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IP Telephony Solutions And Network Availability
By: Mohamed Shaker

One aspect of voice communications that requires serious consideration during the design stage is a high service availability expectation on the part of telephony users. You need to obtain answers to the following questions:

• How high an availability expectation is reasonable?
• What price does an SMB need to pay to push the availability as close to the 100 percent mark as possible?

Most telephone companies (telcos) pride themselves on offering five 9s (99.999 percent) or six 9s (99.9999 percent) reliability for their central office (CO) switches or PBX products. That level of equipment reliability translates into approximately 5.25 minutes of downtime per year for the five 9s and 31 seconds of downtime for the six 9s reliability levels. These are statistical numbers, however. Despite their value, statistics can be deceiving.

From the end-user perspective, what is the meaning of this level of reliability for a singular piece of equipment in the context of an entire communications solution? Multiple components and pieces of equipment are involved in any telephony solution. The factors in total network availability calculations must include the following:

• Mean time between failures (MTBF) for all of the relevant equipment and/or communications links that make up the collective infrastructure to support the act of making a phone call

• Mean time to repair (MTTR) for all of the relevant equipment and/or communications links that compose the collective infrastructure to support the act of making a phone call

• Software reliability.

• Required time for scheduled maintenance and upgrades.

• Power availability.

Assume, for example, that the probability of being functional through the course of a year has been calculated for every piece of hardware and software required for making phone calls. Equipment and software upgrades have been reduced to a component of the entire solution and assigned a level of probability as well.

The product resulting from the multiplication of all of the individual probabilities translated into time would give the end users a perspective of the level of service availability that they could expect.

Assume that the product of all of the individual probabilities is 0.995, or a 99.5 percent probability of the IP Telephony network being available for use. Conversely, this translates into 0.005 or 0.5 percent probability of the network not being available. Translating 0.5 percent unavailability into time over the course of the year (365.25 days x 24 hours/day x 0.005) results in approximately 44 hours (43.83 hours, to be exact) of downtime per year, or less than 2 days.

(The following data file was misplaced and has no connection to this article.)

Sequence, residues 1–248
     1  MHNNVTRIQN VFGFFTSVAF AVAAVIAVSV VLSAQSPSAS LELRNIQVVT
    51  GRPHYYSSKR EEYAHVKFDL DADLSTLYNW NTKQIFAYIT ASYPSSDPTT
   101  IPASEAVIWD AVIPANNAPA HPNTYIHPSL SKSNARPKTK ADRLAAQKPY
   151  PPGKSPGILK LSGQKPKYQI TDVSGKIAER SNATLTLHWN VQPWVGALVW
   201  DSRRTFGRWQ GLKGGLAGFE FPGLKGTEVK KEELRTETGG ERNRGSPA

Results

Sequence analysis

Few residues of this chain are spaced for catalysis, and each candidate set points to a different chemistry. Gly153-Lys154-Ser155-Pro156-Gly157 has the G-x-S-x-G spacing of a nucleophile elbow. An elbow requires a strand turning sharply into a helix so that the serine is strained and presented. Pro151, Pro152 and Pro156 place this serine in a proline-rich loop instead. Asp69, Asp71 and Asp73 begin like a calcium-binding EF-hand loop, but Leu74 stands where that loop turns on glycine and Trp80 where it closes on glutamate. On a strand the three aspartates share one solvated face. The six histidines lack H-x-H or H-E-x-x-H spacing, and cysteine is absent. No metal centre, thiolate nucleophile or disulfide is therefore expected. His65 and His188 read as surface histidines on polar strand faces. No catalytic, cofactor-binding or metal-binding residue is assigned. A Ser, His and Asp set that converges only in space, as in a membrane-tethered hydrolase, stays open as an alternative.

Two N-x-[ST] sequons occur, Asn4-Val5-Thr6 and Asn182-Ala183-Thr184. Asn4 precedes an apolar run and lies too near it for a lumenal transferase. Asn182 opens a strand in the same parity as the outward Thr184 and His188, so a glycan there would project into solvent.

Two days per year of service unavailability in no way implies that any single piece of equipment would have this kind of downtime, because the individual components have not even been specifically identified in this calculation. The number serves only as an example of what an end user might expect. And when you put it in the context of a typical work schedule, it's not that drastic. Most SMB employees take vacations that are longer than 2 days per year.

When approaching an IP Telephony design, the level of availability expectation on the part of the customer should be ascertained beforehand in the context of the existing and proposed solutions. This means that you need to identify solution components, assign to each a level of probability of being functional throughout the year, and translate the final product into time. It's not a bulletproof calculation, but it's a mechanism that can give a realistic perspective to the customer and avoid bad feelings following deployment.

Reference:
Cisco Network Design Solutions for Small-Medium Businesses



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Posted by ROOT Technologies


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